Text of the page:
Lucifer

A PRELUDE

HERMES (alighting)

What star art thou, and by what god beguiled
To wander in this heaven,
Far from the serene and mild
Circle of the sisters seven?
O blasted rock, untenanted and wild,
By lightnings riven,
Receive thou me, —
O goddess, if the Pleiad lost thou be,
Lost, too, and driven
By viewless currents of the ethereal sea.
(Kisses the ground.)
For Earth, my mother, while her child
Wings these frozen spaces drear,
O, how otherwise enisled
In her blue and liquid sphere
Swims, forgetting grief, and sleeps
Wrapped in the fleeces of her atmosphere!
Above Olympus, Phoebe dim,
Patiently shines the while, and keeps
Still watch in heaven; while below the rim
Of ocean now her brother's steeds uprear
Their fiery manes apace, and dawn is near.
But here no dawn is, and no morning star;
The suns that nearest are
Show like a twinkling host, and peer
Through the cold night immeasurably far.

Here who can dwell? If there be deities
Whose body stone, whose spirit silence is,
Here they might slumber frozen. Wrinkled brow
And cloven sides of mountains, heaped up rocks,
Toys of young giants long since dead, and thou,
Horrid abyss, that meteors hot might plough
From heaven falling, and ye vales, by shocks
Of earthquake split in snowy chasms, — O, speak,
If ye have tongues or any shadowy life!
The stranger do not wrong, —
A god, though seeming weak,
Who prays you, with the winds too long at strife,
For shelter from this night and stinging thong
Of sleet. O, answer me, if any banished soul
Haunts you, and guards from harm the frozen pole.

LUCIFER (advancing)

Nay, not a banished soul! — What seems forlorn,
Hermes, to thee, another loveth best;
In this crag, the throne of scorn,
Hath a bolder spirit rest.

HERMES

Thou who callest me by name,
Large spectre plumed for the eagle's flight,
Let me be thy guest this night,
If kindness move thy breast, or any flame
Leap on thy hearth, that henceforth, ever bright,
On this hoarse and angry coast
May gleam the beacon of its sacred light,
Where a god, by fortune hurled,
Found an altar and a host
High on the utmost headland of the world.

LUCIFER

Stranger, look upon this face;
Look long, nor let thy fond heart rashly speak.
Seest thou mortal blood within this cheek?
Do not think thy brothers' grace
Befits all spirits: some there be too high
To wear outward glory still;
For it passes nature's skill
To paint reason to the eye,
Or cast in mould indomitable will.
My hand drew yon starry girth
About the middle of the hollow sky;
I have stood a witness by
At the founding of the earth;
I have seen the twelve gods' birth,
Alas! and I await to see them die.

HERMES

Imperious spirit, I would not offend.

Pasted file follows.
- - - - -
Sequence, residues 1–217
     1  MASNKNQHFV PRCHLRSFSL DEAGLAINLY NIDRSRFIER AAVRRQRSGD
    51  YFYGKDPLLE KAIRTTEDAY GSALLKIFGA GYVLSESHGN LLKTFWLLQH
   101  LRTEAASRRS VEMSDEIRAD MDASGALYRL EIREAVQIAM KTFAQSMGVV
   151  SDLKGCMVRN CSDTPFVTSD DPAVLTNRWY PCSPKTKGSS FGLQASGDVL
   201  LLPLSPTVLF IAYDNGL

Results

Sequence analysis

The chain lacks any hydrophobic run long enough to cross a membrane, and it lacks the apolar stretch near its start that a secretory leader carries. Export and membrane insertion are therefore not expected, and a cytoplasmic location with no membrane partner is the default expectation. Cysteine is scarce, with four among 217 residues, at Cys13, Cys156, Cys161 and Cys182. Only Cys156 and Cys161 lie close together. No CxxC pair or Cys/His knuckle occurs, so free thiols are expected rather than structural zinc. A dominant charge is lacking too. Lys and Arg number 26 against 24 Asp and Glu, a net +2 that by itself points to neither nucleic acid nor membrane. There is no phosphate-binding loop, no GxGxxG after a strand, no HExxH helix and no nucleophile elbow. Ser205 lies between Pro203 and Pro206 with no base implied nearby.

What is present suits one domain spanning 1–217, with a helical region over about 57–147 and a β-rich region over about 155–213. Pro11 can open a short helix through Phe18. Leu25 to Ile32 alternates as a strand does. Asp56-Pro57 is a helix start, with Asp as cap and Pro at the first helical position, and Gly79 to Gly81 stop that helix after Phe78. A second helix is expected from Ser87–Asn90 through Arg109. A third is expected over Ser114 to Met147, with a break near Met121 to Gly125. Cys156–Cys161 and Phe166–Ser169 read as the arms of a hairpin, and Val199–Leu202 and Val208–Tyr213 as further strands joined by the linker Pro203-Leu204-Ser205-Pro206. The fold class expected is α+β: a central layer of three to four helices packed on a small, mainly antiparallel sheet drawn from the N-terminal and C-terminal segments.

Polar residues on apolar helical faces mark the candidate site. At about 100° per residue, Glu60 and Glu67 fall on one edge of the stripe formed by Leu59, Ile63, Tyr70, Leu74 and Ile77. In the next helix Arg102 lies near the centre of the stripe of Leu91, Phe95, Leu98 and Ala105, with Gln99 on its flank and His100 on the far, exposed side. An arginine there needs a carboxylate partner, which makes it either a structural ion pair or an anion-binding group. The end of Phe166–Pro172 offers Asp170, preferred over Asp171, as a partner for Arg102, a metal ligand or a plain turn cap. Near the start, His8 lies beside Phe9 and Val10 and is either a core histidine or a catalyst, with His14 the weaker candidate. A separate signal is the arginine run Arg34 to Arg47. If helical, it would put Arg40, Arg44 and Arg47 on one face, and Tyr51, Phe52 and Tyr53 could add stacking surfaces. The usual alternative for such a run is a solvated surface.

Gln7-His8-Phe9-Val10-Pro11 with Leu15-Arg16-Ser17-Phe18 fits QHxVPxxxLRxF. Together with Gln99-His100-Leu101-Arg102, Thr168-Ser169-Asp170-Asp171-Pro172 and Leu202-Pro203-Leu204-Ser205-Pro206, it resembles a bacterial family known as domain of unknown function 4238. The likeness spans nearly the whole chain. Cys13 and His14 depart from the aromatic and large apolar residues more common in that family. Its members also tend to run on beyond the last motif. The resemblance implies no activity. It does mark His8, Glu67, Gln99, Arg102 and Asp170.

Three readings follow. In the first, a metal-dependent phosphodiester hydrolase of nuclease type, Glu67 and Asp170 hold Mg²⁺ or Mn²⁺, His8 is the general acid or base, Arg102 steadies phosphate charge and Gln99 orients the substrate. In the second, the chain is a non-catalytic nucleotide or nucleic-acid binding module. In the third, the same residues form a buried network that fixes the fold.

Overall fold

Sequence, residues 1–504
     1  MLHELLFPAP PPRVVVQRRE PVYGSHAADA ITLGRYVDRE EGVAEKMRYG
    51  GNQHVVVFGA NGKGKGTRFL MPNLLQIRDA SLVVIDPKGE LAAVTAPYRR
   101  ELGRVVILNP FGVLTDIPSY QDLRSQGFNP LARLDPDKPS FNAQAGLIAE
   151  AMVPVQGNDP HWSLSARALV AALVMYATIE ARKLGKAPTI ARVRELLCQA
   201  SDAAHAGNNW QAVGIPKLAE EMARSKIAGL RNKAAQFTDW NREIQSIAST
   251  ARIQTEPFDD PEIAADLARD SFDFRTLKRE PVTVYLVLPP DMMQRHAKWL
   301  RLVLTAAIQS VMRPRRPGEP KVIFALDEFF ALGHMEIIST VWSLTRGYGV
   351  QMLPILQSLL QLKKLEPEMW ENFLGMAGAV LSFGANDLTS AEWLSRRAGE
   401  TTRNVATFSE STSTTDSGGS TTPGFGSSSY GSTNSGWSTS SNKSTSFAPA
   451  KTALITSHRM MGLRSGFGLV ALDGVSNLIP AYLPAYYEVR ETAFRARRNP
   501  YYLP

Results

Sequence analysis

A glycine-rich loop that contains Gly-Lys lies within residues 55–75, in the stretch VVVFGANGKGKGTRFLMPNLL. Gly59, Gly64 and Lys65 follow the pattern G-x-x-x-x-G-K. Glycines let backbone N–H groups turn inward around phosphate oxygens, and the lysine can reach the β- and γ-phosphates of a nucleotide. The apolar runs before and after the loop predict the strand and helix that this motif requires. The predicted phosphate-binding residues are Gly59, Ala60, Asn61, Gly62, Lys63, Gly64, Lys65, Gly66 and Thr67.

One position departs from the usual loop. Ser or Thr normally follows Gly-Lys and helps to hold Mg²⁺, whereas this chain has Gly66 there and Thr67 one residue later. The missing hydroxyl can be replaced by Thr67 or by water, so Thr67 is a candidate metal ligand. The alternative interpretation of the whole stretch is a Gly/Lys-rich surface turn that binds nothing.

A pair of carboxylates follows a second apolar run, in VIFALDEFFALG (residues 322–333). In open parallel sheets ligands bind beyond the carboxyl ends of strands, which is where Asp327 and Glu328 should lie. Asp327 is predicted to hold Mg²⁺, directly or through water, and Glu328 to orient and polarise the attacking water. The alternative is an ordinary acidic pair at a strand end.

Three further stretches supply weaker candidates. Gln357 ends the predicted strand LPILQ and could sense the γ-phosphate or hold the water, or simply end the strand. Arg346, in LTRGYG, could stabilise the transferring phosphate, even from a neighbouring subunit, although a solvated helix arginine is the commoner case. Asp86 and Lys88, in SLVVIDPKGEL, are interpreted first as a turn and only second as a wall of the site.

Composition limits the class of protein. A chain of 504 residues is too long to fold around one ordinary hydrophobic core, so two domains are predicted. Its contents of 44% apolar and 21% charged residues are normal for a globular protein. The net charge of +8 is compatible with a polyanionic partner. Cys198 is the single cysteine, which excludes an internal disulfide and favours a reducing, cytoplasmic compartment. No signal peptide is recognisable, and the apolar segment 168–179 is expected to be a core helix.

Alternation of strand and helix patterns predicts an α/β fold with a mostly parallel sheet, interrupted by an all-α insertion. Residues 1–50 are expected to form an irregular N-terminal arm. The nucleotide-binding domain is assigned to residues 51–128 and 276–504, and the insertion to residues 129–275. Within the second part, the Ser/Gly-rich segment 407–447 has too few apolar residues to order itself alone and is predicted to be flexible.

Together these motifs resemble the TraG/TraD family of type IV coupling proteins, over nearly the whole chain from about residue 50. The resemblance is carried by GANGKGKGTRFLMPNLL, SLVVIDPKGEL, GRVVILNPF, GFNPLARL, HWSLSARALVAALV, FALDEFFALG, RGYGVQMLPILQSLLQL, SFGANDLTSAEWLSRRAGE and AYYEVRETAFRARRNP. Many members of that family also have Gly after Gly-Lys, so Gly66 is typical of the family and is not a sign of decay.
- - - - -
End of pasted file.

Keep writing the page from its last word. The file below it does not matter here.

Thy heart knows if this be truth,
And mine eyes, on thee gazing, comprehend
That thou art a god in sooth.
Be then gracious, and befriend
The stranger, and beside thee grant me rest,
That I gain strength unto my journey's end,
And see again Olympus' gleaming crest
And the brothers that I love.

LUCIFER

But what error brought the dove
To the eagle's wintry nest?

HERMES

I wandered long upon an idle quest,
And found no other isle in all the deep.

LUCIFER

Luckless for the child of Jove
To set his winged foot upon this steep.
No vines upon so wild a ruin creep;
No Nereid bathes in such an icy cove.
But, come; there is a cavern in the hill.

HERMES

'T will be a covert from this piercing air.

LUCIFER

My servant's fire shall medicine thy chill.
This way; 't is dark along the icy stair.
(Gives Hermes his hand.)

HERMES

Art thou a serpent, that thy flesh is cold?

LUCIFER

They call me so. My blood was hot of old.

HERMES

But froze from breathing long this cruel storm?

LUCIFER

Nay, my good Hermes, it was not the wind,
Which only bites because the heart is warm;
Mine cannot suffer. In my youth I sinned,
And loved the soft caresses of the world.
Now I am free. I have forsworn delight,
Which makes us slaves.

HERMES

The chill of wintry night
Keeps germs from budding; with no leaf unfurled,
Dies the imprisoned deity within.
How, then, shouldst thou be free beneath the blight
Of this sharp flaw?

LUCIFER

I can be free from sin. —
(They reach the cave.)
Lyal! Ho, Lyal! — Sleeping by the fire?
Waken the embers, boy; pile drift-wood up,
That we have light and comfort while we sup.
And bring my cloak, — if that such coarse attire
Can please thee, being warm, on such a night. —
(To Hermes. They sit down and eat.)
Guests come not often hither, for the sky
Grudges me chance of hospitality,
Lest that small virtue in me wound its sight.

HERMES

But is the sky thine enemy?

LUCIFER

Thou seest
It doth not flatter: yet 't is the ally
Of one that wrongs us both.

HERMES

Why, if thou fleest
Into the whirlwind, on thee it must blow.